A benefit of this book is that linguists of different areas may find it useful. Because it includes in-depth syntactic analyses of imperatives, as well as semantic and pragmatic ones, different chapters target different audiences. Most linguists interested in imperatives would likely find the whole book helpful, but syntacticians may get more out of Chapter 3, while semanticists may find Chapter 4 to be more relevant to them. Still, given Kaufmann's aim to unify these analyses, the sections connect in a coherent way and most readers will probably find each section to be understandable. With little syntax background, I was still able to make sense of Chapter 3, for example.
Some chapters could have afforded a more organized summary of what was to come later in the chapter, for those looking for specific information or sections. Also, for the sake of consistency, some chapters could have benefitted from a conclusions section at the end. Half of the chapters have one, while half do not. It should be mentioned that the denser chapters have conclusions, which is appreciated, but the others (namely, Chapters 1, 2 and 4) could have used one as well.
What I find still lacking in the work on imperatives is a better consideration of negative imperatives. Kaufmann, like other authors who have worked on the topic, includes only brief discussions of negative imperatives. She does note that imperatives must not be separated from negative imperatives, as demonstrated by the fact that they have the same range of non-prototypical functions, including concessions and permissions. Furthermore, Section 4.1.2 (pages 133-135) briefly discusses the speech acts associated with prohibitions, but apart from those brief mentions, negative imperatives are mostly ignored. Still, I believe that Chapter 6, concentrating on embedded imperatives, particularly could have benefitted from a discussion of negative imperatives, which, as Kaufmann points out, are in some languages' subjunctive forms. Presumably, this was left out given the fact that a subjunctive form for a negative imperative would be subject to a different form-function analysis. To be clear, this is not a shortcoming only of Kaufmann's work, but one that I consider to hold for most work done on imperatives thus far. An in-depth analysis of negative imperatives would have been unrealistic to include in this work, as the book would then have been worth two. It is just worth noting the considerations that negative imperatives could bring to our overall understanding of the topic. What they can do should not be overlooked in future work.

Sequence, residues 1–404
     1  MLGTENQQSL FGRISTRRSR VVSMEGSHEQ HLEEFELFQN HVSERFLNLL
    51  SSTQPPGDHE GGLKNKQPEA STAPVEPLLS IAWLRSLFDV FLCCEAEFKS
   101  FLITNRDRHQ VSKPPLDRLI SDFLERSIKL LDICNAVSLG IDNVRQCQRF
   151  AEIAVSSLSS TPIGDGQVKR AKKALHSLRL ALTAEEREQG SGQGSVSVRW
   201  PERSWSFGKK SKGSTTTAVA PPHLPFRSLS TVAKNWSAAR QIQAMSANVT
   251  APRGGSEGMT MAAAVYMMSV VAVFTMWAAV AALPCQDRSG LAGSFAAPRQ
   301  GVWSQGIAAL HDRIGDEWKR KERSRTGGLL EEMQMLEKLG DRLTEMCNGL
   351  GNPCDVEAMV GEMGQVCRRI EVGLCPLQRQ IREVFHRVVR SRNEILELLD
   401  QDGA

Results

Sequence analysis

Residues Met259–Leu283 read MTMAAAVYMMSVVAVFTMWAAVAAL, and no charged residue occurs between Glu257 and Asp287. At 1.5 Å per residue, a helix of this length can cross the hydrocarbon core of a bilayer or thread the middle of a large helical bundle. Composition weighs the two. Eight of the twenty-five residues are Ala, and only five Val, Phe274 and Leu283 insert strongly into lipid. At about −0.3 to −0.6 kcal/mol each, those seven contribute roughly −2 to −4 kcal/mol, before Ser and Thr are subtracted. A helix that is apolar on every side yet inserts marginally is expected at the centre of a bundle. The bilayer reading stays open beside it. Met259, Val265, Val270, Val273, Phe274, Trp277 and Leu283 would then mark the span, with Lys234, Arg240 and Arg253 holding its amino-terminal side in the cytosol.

Aikhenvald, A. Y. 2010. Imperatives and Commands. Oxford: Oxford University Press.
Bach K. & R. Harnish. 1979. Linguistic communication and speech acts. Cambridge: MIT Press.
Sadock, J. & A. Zwicky. 1985. Speech act distinctions in syntax. Language Typology and Syntactic Description, Volume 1, Timothy Shopen (ed). Cambridge: Cambridge University Press.
ABOUT THE REVIEWER:
Mary Johnson is a PhD candidate at The Ohio State University. Her dissertation focuses on the alternation between two negative commands in Argentinian Spanish. Her research interests include pragmatics and sociolinguistics, specifically imperatives and speech acts, and the pragmatics of negation.